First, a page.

Today, with American air power so unchallenged, it seems strange that the Democrats didn’t want to allow air support of the South Vietnamese. After all, a couple of decades later, a Democrat President got involved in an internal dispute of negligible significance to America, and bombed Yugoslavia into ceding control of its internationally-recognized Kosovo province, at minimal cost in lost aircraft. The number of planes lost to enemy fire in both Iraq wars has also been tiny.
But, the American advantage in air war was much less overwhelming in the 1970s. We lost 3,322 fixed-wing aircraft in Vietnam, perhaps the majority of that number to enemy fire. During Operation Linebacker I in the middle of 1972 that helped defeat the North Vietnamese armored invasion, 104 US planes were lost in combat. Airmen who survived being shot down often became prisoners (in effect, hostages). Years of negotiations had been required to get the POWs back in early 1973, so there would have been reluctance to follow a policy that would have created new POWs.
So, providing air support was nowhere near as painless as it seems now.
There then followed a half decade of Soviet advances around the world, in contrast to the stability of the strategic balance that had endured during most of the Vietnam War. I’m a big believer in the truism that people love a winner and hate a loser, and losing in Vietnam made the U.S. look like a … loser.
Fortunately, the Soviets wasted their treasure on useless new Third World allies like Ethiopia, while letting a puppet state that really mattered — Poland — go to hell.
Luckily, the Communist dictatorship of united Vietnam proved relatively non-insane, and Vietnam today is a pro-capitalist dictatorship, which the U.S. would have found perfectly acceptable back then. But the Hanoi regime was dedicated to communism and wouldn’t give it up no matter how many Tennessee Valley Authority-style dams LBJ offered to build for them. So, war seems to have been completely pointless on both sides. Of course, from the point of view of the Communist Party members, while they may not be communist anymore, their party still hold a complete monopoly on political power. (Interestingly, the Vietnamese dictatorship, unlike, say, the Chinese or Burmese dictatorships, is almost never criticized abroad these days.)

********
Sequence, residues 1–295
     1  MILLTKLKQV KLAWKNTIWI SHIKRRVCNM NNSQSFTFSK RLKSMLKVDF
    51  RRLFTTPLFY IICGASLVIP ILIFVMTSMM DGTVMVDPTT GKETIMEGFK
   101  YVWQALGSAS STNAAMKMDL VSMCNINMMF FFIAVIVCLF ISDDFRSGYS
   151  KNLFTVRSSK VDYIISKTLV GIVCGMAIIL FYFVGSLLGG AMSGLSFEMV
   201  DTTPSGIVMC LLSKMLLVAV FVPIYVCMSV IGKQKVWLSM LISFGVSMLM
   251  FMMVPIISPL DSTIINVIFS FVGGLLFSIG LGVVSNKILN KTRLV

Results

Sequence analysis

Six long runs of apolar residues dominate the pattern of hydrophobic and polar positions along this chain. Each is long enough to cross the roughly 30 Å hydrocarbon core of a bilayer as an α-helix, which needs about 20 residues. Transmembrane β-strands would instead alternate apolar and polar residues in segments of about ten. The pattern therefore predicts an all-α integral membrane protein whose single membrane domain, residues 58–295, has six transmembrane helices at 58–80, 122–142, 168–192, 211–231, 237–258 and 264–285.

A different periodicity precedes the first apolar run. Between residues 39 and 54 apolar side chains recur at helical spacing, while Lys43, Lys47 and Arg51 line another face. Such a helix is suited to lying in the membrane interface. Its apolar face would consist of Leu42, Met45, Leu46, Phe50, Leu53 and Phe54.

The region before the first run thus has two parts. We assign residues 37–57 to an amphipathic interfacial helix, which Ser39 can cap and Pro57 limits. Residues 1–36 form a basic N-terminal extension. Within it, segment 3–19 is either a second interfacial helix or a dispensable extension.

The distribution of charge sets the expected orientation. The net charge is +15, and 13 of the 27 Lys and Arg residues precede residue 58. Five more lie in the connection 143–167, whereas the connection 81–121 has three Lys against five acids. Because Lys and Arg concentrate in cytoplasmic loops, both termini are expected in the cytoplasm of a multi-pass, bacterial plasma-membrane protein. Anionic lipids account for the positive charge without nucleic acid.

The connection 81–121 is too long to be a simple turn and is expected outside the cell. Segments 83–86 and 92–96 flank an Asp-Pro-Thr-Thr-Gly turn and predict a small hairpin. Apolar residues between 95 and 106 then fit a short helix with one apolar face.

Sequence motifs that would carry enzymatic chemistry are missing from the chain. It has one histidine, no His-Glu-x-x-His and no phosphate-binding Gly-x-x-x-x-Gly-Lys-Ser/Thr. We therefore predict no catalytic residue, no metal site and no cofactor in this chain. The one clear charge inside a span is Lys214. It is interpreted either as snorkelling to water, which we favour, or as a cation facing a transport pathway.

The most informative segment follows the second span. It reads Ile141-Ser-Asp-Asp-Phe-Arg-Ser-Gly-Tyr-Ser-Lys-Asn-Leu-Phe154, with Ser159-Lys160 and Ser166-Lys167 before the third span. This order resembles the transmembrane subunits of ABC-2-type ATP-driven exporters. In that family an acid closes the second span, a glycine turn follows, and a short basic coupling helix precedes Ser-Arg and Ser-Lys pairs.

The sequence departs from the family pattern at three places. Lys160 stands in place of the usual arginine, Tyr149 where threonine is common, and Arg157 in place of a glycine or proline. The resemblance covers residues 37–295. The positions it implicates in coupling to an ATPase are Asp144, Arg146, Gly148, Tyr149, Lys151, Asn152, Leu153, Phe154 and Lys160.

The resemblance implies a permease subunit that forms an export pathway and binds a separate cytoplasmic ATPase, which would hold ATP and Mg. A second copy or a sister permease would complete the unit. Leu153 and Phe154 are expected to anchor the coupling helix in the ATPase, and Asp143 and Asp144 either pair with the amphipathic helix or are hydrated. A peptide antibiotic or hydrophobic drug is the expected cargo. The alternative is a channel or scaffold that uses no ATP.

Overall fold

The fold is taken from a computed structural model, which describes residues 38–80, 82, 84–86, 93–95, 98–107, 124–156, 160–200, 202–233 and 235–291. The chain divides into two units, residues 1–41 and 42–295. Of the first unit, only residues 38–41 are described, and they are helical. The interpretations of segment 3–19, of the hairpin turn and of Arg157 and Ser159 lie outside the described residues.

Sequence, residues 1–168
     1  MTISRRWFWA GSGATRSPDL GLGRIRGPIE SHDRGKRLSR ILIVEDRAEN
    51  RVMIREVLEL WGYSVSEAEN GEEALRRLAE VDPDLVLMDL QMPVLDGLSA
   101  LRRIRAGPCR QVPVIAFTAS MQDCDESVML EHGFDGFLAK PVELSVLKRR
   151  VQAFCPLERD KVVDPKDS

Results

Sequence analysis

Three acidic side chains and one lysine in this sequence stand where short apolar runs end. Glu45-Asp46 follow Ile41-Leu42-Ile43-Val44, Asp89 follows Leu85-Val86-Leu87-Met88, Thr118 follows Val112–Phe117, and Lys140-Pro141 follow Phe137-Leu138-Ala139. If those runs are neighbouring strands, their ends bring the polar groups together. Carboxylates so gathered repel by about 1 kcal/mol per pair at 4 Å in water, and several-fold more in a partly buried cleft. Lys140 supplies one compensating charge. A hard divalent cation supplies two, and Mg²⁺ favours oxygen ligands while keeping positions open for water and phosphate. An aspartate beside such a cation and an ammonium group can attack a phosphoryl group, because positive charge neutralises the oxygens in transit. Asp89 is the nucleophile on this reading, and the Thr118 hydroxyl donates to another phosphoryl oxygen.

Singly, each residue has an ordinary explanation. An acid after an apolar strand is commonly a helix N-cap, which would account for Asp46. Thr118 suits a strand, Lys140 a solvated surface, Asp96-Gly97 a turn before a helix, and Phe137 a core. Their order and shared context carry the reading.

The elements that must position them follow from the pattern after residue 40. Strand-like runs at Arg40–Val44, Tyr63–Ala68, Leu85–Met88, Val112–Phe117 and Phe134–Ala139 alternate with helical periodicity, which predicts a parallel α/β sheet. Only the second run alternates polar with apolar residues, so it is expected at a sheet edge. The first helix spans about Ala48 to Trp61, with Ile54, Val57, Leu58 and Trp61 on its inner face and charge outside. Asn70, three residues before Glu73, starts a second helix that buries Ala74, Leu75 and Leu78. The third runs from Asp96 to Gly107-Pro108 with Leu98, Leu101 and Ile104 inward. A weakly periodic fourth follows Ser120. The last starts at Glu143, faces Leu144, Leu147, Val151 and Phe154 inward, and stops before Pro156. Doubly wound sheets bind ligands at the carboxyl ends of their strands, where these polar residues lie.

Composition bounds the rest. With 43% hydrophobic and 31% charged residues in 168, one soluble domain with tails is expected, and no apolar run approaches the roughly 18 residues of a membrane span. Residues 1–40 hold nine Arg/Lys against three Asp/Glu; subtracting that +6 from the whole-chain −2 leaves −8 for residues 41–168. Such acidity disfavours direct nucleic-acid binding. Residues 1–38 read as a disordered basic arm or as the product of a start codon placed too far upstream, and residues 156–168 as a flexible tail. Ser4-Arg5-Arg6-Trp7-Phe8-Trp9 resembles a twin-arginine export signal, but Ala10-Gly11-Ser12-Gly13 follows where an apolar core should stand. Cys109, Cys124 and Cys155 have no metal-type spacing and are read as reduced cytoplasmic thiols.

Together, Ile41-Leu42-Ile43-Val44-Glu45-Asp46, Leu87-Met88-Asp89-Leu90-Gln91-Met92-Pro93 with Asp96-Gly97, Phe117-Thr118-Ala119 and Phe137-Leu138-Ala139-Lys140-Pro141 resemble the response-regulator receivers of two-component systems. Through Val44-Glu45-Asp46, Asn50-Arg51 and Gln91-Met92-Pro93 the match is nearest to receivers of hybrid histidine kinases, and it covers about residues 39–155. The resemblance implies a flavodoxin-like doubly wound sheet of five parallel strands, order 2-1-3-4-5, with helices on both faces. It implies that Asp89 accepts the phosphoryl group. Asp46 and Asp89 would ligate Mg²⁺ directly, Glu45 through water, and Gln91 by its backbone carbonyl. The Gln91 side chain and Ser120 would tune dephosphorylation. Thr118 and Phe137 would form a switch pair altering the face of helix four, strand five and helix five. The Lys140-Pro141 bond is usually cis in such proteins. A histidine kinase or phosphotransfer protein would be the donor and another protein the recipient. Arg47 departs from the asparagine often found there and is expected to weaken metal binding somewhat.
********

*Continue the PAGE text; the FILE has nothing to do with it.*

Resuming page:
On the other hand, the batting average of East Asian communist countries at being non-insane is quite bad. If Vietnam, Laos, and (possibly) Mongolia behaved less horribly than expected, Cambodia, China, and North Korea were even crazier than imagined. The most obvious analogy for American leaders in the 1960s for Vietnam was Korea, where we had lost 33,000 men to keep the northern communist regime from overrunning the southern capitalist regime.
Whether the Korean War was worth the cost is seldom discussed these days. (Of course, almost nobody ever talks about the Korean War at all.) Today, 57 years after the start of the Korean war, young South Koreans are about half a foot taller than their cousins in North Korea. Ironically, fighting to a draw may have proved the best outcome for the U.S. in the Cold War, because the emerging economic chasm between the two Koreas provided a salutary lesson in the superiority of capitalism over communism.
Why the Vietnamese War proceeded so differently from Korean War is another topic of little interest today. I suspect one important difference was that Korea was a peninsula, so that after the war, the U.S. could adequately defend against another North Korean invasion across the border, which is only 238 km long. In contrast, South Vietnam had long borders with the hapless neutral countries of Laos and Cambodia, which North Vietnam abused as staging grounds.
Second, Korea had been colonized by the Japanese, whom America defeated, not by white men. In Vietnam, America’s racial and political ties to the French former colonial masters were detrimental.
Third, North Korea relied upon regular army units for its invasion, which the U.S defeated at Inchon and North Vietnam had to be bailed out by a million Chinese communist regulars. In contrast, the Hanoi regime artfully mixed irregular and regular forces. When the Viet Cong went on the offensive in 1968, they were largely wiped, but the use of irregular tactics normally annoyed and frustrated the Americans. After most American troops were withdrawn, Hanoi shifted to regular warfare (including tanks) for its 1972 and 1974-75 offensives. Presumably, Hanoi learned from communist mistakes in the Korean War.
This Cold War history, however, has mostly academic relevance to today’s struggle with Islamic extremists. The Soviet Union was a vast country with a vast military, and erratic but sometimes impressive technological capabilities. Its communist ideology could win converts among the elites of foreign countries on its own.
In contrast, Islam has virtually no appeal to anyone above the lowest orders of society if they weren’t born into a Muslim family. There is no single Islamic superpower to provide direction to the squabbling Muslim states, and most of these governments are more or less averse to the extremists. Even taken together, all the Muslim states in the world have only a small fraction of America’s military might. For example, there is no Muslim aircraft carrier. Technologically, Pakistan is 50 years behind America in the development of nuclear weapons, and the rest lag even farther.